Sebastien Bourdais is a multi-talented driver and when Peter Baron invited him to co-drive with Ryan Dalziel and Enzo Potolicchio in the Sahlen’s Six hours of the Glen this weekend, he quickly accepted the offer. The talented sports-car racers will be driving the Starworks Motorsport Ford Riley in the second longest race of the Grand-Am Rolex Sports Car Series season.
The Frenchman was in Europe when Baron called, and the accomplished driver quickly made plans to be in Watkins Glen by the end of the week, stopping off first at his St. Petersburg home to clean up the damage incurred by Tropical Storm Debby. Although his home survived the storm, the water came within 2 feet of the front door and lots of debris was left behind. And the streets were still flooded when the Bourdais family arrived home. Once Bourdais saw that his home was not damaged, he made tracks for Watkins Glen.
I am enjoying the experience, even though I am not very familiar with the car.
“I have never raced at Watkins Glen, and I was surprised when Peter (Baron) called me,” Bourdais said after completing his first practice session. “It is cool, and it gives me the opportunity to learn the track in case I ever need it. I am enjoying the experience, even though I am not very familiar with the car. Discovering a race track with a car you don’t know very well is interesting.”
Bourdais didn’t want to overdo it with his initial laps but within a short period of time, he was among the frontrunners. He admitted his biggest challenge was finding a smooth way to get through the chicane portion of the 3.4-mile road course. “You have to use all the curbs, and it is all about timing and where you position the car,” he commented. “The car is a bit wobbly, too, and you just have to become accustomed to it. But I am having fun.”
Bourdais knew Dalziel but not well. “I knew Ryan (Dalziel) when he was running Formula Atlantics, and I was racing in Champ Car,” Bourdais said. “He’s a good guy, and it is good to work with him. Peter (Baron) and Ryan have a good relationship with Enzo (Potolicchio), and Enzo really wants to win the championship. The team is currently in second place in points in the Rolex Series Daytona Prototype class and also second in the North American Endurance Championship standings.
“I like these smaller team experiences,” Bourdais said. “It is like family. They make you feel very comfortable, and you fit right in.”
Dalziel said, “We are looking at both championships, but it is going to be tough to do. Adding Sebastien (Bourdais) is huge, and his name comes with a huge amount of credibility. He is a huge asset for us, and the more credibility he brings to our organization, the better we look.”
Said Baron, “We were surprised when Sebastien accepted, as you don’t know what these guys want to do during the summer. It is nice to have him with us.” The car owner also would like to have Bourdais in their camp for the Rolex 24 at Daytona next January, and the two have already talked about it.
The Frenchman’s last race was the 24 Hours of Le Mans and with his family; they stayed over after the race to visit with family and friends.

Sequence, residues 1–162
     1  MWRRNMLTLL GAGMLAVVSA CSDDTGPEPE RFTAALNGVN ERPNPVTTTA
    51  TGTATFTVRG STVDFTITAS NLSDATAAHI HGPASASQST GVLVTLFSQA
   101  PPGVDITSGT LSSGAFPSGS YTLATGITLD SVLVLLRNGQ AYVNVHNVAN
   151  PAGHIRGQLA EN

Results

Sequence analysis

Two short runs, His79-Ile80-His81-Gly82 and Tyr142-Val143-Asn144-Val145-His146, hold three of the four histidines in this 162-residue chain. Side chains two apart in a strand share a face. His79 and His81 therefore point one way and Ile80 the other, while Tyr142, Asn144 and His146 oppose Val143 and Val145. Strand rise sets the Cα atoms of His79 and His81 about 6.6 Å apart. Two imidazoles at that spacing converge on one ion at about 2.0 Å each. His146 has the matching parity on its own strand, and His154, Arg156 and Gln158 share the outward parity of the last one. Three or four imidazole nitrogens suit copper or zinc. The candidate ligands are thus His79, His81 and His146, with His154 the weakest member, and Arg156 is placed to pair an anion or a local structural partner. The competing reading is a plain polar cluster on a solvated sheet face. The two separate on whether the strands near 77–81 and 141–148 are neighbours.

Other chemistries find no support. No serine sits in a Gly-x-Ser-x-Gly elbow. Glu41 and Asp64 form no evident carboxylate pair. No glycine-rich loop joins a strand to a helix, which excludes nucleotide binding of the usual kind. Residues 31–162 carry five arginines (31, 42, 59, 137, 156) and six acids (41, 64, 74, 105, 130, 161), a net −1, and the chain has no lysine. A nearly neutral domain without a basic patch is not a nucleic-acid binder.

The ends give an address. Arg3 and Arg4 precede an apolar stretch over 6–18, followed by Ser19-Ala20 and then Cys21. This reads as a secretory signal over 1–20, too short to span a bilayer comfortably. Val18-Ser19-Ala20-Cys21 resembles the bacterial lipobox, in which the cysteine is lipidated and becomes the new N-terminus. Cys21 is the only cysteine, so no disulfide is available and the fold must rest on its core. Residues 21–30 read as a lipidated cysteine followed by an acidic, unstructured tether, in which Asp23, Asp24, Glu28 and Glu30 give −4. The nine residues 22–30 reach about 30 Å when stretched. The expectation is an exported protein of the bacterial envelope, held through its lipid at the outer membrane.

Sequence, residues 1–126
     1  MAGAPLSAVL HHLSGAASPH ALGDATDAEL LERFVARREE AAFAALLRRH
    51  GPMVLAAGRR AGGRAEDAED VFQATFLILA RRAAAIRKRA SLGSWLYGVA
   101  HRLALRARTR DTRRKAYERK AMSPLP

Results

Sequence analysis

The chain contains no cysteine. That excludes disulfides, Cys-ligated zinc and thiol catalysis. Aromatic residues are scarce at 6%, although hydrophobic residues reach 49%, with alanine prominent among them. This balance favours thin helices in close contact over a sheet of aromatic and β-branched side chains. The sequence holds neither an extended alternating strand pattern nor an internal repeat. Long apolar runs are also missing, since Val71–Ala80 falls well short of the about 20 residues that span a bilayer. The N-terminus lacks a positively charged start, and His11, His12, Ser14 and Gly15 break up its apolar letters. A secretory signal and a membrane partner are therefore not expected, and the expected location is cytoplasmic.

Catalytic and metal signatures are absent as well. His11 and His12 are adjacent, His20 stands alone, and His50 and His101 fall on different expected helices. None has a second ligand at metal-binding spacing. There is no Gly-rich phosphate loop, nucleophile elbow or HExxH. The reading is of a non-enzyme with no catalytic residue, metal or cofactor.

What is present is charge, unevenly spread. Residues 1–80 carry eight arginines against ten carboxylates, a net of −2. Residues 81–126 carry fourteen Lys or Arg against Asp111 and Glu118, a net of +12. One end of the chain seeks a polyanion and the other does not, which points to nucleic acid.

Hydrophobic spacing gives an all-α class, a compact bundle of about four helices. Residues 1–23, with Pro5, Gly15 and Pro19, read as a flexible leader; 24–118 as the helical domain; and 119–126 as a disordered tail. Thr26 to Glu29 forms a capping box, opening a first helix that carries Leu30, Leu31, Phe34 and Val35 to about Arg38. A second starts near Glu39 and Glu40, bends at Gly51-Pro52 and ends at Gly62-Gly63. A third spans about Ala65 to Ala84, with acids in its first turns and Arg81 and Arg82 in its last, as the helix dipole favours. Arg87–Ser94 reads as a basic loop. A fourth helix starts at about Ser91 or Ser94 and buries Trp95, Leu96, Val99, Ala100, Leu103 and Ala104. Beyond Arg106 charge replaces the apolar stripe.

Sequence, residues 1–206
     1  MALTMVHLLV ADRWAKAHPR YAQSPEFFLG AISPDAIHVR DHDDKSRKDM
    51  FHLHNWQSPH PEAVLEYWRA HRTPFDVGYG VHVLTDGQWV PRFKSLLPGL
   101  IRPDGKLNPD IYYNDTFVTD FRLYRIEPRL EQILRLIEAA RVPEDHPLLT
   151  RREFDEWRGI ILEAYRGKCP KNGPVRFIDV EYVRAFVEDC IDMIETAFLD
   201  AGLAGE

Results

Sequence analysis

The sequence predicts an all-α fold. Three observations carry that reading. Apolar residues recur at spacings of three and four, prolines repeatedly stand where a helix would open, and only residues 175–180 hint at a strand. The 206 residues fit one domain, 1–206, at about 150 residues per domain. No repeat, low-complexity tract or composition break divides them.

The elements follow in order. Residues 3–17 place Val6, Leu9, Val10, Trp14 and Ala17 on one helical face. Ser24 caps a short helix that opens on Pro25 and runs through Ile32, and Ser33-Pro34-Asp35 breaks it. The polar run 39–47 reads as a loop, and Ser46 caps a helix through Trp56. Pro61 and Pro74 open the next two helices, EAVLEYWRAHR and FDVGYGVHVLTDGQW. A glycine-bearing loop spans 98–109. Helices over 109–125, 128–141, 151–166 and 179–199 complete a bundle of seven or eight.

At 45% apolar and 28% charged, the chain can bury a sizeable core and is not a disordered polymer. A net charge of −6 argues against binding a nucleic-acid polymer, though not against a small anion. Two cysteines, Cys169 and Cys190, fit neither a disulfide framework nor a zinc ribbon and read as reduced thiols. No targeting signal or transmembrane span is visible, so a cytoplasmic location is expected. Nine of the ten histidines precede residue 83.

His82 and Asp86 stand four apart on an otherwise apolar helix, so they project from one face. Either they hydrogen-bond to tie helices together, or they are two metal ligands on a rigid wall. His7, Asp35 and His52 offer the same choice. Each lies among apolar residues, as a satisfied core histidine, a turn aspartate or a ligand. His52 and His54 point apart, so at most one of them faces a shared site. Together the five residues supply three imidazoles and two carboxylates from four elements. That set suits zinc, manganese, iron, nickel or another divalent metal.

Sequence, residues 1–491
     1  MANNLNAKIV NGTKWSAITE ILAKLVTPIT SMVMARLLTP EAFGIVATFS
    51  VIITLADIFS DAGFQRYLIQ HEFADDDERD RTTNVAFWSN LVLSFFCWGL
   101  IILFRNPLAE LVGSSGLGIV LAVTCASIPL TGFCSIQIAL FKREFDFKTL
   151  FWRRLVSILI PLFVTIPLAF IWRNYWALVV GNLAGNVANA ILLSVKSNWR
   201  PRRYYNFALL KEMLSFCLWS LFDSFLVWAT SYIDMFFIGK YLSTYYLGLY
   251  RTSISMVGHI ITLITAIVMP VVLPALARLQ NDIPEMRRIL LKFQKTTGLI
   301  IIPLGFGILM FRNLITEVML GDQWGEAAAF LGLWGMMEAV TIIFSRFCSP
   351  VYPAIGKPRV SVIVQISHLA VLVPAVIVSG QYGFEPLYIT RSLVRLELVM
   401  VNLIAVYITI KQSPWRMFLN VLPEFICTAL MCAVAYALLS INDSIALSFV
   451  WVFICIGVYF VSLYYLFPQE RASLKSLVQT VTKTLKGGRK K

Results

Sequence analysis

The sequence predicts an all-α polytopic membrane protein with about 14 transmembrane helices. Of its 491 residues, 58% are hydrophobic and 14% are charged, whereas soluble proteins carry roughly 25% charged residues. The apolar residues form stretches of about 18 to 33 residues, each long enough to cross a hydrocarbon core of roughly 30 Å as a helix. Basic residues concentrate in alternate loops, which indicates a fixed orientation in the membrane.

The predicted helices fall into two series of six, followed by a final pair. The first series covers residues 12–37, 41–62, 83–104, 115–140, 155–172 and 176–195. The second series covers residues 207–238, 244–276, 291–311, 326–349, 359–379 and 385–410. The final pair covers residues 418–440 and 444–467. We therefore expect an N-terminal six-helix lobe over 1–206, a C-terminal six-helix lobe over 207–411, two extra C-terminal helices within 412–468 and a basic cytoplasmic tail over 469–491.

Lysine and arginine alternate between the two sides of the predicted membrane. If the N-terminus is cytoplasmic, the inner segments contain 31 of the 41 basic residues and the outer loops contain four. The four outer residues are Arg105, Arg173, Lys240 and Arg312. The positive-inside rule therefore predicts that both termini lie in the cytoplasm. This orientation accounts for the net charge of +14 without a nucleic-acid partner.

Originally, Bourdais was to have re-joined his IZOD IndyCar Series team for the recent race at the Iowa Speedway, but with his Dragon Racing team re-grouping, it has dropped back to a one-car team. Bourdais will be running on the road and street courses and Katherine Legge will do the ovals. The IndyCar team started out the season with Lotus power but after experiencing a succession of problems, the team switched over to Chevrolet. Given the expense and transition time involved, the team was forced to make changes to its organization.
“We know we are going to have a shot at being very competitive for the rest of the season, so Katherine (Legge) is going to do the ovals and I am going to do street and road courses,” he said. “And we hope to get back to two cars by the end of the season.”
Bourdais and his team struggled at Indianapolis due to lack of preparation time with the new power but they persevered. “On speed we were okay, but with race trim, we struggled with massive under steer in traffic, and I was a spectator all day, which wasn’t fun. But in Detroit the car was running pretty good, and we got up to P7 until we encountered mechanicals (problems). It is going to take a weekend when things get better, going from point A to point B.”
The well-spoken driver knows how to deal with frustration, as he not only has had to overcome it on the IndyCar side; he had somewhat of a similar experience with his recent foray at Le Mans. “We knew we weren’t going to win and we knew we had only a little chance of finishing,” he said. “The engine had not finished a 24-hour race nor had we done a simulation, we knew it was going to be a challenge. We got behind early and finally the engine broke.”
For Sunday’s six-hour endurance race, Bourdais is focused on helping the Starworks team in its quest for the two championships, and the team knows he has the know-how to give them a solid result. “We will see how we can do, and it will take a perfect weekend. It will all be about not making any mistakes,” he noted.